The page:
Havre Seamount | John Seach


Kermadec Islands, New Zealand

location uncertain
summit depth 1100 m
Underwater volcano

Havre Seamount is located in the Kermadec Islands, NE of New Zealand. The area is part of the Havre Trough. The trough and its northern extension to Lau Basin form a 2700-km-long back arc basin that extends from latitude 15 degrees south, east of Fiji, to the Taupo Volcanic Zone on the north island of New Zealand.

2012 Eruption
A large amount of pumice has been observed floating in the South Pacific ocean 85 nautical miles west-south-west of Raoul Island. The pumice raft was first observed by an aircraft pilot on 1st August 2012. The pumice covered 25,000 square km. Crew on board the ship HMNZS Canterbury observed the pumice on 9th August. The source of the pumice was determined to be Havre Seamount. The pumice raft from an eruption of Havre seamount covered an area of 450 km by 258 km on13th August 2012. The eruption produced enough heat to be detected on the ocean surface by the MODIS satellite. A cluster of earthquakes in the Kermadec Islands on 17-18 July was correlated with the the eruption location.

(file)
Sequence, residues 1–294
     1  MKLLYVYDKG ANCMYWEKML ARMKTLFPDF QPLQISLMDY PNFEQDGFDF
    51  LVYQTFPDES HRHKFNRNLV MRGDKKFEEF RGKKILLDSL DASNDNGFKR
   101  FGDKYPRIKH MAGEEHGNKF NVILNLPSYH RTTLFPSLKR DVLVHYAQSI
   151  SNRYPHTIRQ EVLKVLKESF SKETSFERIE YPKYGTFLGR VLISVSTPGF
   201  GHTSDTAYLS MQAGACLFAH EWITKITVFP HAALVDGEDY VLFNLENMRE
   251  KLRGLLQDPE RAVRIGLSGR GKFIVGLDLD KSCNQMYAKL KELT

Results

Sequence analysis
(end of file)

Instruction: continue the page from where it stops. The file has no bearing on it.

Further Reading
Murch, A.P., White, J.D. and Carey, R.J., 2019. Characteristics and deposit stratigraphy of submarine-erupted silicic ash, Havre volcano, Kermadec Arc, New Zealand. Frontiers in Earth Science, 7, p.1.

Havre Seamount Eruptions